“Effort limitations are the most important management measure to control the level of overfishing in the Arabian Gulf, given that fisheries are overcapitalised (too many boats for too few fish),” says Dr Shaikah Al Dhaheri, executive director of the Environment Agency Abu Dhabi’s terrestrial and marine biodiversity sector.

Other important measures locally include modifying fishing gear, for example with minimum mesh size limits for nets and escape panels in traps for juvenile fish. Fishermen have opposed some measures.

In 2015, Prof Costello and a number of other scientists published a paper that updated the story globally and offered, for some locations, a more optimistic picture.

“In a nutshell, the story now is that there’s been a divergence between countries that have … monitoring systems [and] good fishery management institutions – North America, Europe, Australia, New Zealand — that have, by and large, got a pretty good handle on fishing management and their fish stocks are not collapsing,” he says.

“[In] many parts of Africa, Asia and some parts of South America, the story is one of continued decline, especially for the small-scale fisheries, the ones that have thousands of men going out each day in small boats.”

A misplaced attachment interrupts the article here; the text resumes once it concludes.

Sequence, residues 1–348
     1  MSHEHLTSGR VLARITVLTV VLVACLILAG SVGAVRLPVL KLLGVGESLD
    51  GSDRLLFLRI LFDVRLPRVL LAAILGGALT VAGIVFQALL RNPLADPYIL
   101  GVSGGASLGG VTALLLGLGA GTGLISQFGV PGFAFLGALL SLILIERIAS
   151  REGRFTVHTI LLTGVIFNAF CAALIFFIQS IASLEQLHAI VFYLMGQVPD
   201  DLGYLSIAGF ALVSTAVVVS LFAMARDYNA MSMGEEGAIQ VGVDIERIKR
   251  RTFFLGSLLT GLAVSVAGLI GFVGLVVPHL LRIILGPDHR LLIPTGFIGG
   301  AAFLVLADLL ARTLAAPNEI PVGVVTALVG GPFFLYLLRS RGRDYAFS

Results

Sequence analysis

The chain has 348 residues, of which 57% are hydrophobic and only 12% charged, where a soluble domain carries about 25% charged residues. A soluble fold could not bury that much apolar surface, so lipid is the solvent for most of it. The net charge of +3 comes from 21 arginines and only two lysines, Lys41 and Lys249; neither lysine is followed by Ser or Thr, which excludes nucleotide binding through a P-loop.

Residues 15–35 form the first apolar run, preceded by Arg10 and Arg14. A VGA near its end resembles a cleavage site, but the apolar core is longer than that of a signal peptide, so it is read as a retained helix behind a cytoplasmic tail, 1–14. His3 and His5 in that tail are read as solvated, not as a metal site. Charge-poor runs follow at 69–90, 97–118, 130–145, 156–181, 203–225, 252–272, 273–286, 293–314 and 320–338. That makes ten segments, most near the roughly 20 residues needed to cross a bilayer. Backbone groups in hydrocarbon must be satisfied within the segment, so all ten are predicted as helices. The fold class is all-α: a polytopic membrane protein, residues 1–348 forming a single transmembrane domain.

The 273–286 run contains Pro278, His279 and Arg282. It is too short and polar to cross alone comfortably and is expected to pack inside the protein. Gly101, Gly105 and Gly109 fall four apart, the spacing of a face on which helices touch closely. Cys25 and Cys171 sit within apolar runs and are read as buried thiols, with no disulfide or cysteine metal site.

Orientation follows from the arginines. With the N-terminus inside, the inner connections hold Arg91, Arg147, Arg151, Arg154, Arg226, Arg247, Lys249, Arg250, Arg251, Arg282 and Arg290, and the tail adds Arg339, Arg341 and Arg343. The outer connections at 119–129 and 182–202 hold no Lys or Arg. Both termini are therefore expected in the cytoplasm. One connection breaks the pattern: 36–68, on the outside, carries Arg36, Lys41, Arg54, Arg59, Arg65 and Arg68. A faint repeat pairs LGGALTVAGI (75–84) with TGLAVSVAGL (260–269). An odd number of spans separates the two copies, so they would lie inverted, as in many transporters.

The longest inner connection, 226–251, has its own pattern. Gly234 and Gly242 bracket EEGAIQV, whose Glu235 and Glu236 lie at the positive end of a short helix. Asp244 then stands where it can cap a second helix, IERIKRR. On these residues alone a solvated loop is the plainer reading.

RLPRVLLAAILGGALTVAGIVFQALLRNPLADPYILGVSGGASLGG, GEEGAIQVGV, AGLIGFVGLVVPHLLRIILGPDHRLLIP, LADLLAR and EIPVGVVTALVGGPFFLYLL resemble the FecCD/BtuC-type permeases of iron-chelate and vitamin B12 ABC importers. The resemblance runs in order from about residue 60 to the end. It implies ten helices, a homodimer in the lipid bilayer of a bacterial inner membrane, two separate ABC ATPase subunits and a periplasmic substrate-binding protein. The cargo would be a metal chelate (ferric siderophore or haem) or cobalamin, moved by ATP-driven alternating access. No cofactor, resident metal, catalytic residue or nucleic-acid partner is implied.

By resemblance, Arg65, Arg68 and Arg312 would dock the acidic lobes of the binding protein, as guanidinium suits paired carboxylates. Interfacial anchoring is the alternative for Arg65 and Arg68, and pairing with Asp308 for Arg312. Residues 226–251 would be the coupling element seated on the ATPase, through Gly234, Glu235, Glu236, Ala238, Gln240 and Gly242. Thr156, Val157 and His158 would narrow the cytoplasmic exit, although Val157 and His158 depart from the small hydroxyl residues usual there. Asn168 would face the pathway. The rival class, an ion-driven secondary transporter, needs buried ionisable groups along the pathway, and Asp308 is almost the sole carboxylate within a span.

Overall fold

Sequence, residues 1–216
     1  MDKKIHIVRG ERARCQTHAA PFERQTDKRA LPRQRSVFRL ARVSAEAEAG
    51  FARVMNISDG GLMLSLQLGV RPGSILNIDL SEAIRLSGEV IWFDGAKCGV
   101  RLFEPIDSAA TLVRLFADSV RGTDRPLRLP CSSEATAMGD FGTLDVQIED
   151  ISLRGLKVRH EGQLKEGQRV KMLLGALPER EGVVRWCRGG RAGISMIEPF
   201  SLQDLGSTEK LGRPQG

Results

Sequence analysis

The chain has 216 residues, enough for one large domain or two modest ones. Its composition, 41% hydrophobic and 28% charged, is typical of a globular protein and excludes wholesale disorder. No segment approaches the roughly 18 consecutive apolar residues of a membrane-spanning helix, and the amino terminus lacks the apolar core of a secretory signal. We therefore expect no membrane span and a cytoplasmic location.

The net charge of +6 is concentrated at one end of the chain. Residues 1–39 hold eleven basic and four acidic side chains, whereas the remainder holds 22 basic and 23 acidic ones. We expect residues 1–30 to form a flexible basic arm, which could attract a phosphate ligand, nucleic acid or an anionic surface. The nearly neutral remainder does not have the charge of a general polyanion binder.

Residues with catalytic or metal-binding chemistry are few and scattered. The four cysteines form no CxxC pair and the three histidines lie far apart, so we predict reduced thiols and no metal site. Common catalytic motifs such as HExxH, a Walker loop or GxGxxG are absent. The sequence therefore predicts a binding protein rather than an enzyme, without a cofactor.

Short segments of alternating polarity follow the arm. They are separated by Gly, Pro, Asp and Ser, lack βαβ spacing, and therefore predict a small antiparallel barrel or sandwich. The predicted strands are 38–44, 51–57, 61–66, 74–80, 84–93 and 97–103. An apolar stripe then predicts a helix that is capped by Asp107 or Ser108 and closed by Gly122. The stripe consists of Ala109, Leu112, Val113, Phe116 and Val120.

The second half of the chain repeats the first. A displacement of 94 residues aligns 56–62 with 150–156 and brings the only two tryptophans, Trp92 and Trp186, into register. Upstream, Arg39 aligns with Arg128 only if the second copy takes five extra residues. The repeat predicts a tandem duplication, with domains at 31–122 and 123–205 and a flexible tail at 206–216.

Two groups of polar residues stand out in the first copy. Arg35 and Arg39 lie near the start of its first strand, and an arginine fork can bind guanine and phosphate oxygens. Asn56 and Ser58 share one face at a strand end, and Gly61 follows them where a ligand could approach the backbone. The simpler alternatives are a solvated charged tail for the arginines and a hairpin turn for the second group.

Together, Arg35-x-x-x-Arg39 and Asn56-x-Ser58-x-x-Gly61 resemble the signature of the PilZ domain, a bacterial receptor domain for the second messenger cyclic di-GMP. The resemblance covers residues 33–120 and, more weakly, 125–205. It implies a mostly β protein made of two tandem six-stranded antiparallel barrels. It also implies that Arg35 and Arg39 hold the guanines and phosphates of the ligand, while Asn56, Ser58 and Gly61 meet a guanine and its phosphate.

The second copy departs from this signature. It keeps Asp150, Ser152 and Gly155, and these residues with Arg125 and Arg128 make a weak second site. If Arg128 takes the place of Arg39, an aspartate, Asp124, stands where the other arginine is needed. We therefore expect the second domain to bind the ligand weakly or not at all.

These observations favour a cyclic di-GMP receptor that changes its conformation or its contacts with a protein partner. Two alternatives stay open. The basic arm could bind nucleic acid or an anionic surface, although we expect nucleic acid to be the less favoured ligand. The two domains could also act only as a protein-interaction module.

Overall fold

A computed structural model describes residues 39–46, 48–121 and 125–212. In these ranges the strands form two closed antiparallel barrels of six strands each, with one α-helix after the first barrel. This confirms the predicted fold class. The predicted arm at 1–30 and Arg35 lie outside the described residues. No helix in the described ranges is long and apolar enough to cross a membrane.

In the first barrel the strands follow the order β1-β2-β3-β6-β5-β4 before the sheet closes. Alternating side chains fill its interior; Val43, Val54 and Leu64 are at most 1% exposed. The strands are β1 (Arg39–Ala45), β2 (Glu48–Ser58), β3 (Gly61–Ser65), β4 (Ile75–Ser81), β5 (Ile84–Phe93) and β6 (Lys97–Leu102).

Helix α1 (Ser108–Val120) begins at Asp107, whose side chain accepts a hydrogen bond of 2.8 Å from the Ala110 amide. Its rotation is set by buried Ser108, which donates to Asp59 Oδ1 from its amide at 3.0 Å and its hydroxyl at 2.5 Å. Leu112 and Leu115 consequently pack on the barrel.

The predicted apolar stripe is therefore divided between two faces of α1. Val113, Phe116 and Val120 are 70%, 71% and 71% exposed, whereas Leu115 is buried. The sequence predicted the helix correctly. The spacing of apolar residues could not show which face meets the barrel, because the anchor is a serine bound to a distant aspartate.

Although considerable efforts have been made by the UAE authorities to measure fish stocks – one such initiative is due to report later this year – and to control fishing and prevent over-exploitation, the Arabian Gulf remains an area where over-exploitation is acknowledged to be happening.

“Combined, unregulated fishing practices and population pressure suggest that ‘Malthusian overfishing’ occurs in the region, a situation where declining yield coupled with lack of alternative employment drive fishers to over-exploit and destroy their resources,” says Dr Al Abdulrazzak and her co-authors in their paper looking at fishing rates from 1950 to 2010.

So what is the solution?

Globally, there is no “one-size-fits-all approach”, according to Prof Costello. A large fishery in one area will probably require a different management strategy to a much smaller one in another area. But there is, he said, a broad approach that is widely applicable.

“The idea is that you give fishermen a stake in the fate of the resource,” he says.

“It’s great to have strong monitoring systems and good regulations, but if fishermen aren’t part of the process, they’re going to battle against the regulations; they’re not going to undertake any of the self enforcement that you need to make it a viable business.”

In practice, this means giving local communities rights to fish in the waters near where they live, while those from outside are kept out. The resource is then managed and regulated by the community itself.

With major fisheries, where the fish are highly mobile and travel between areas, this approach needs to be changed.

“In that case … a group might get the right to catch five per cent and another group to catch five per cent. It’s a range of different institutional approaches,” says Prof Castello.

“The common feature is that they provide some incentive or stake in maintaining the health of the fishery for their own future livelihood.”


Updated: January 21, 2017 04:00 AM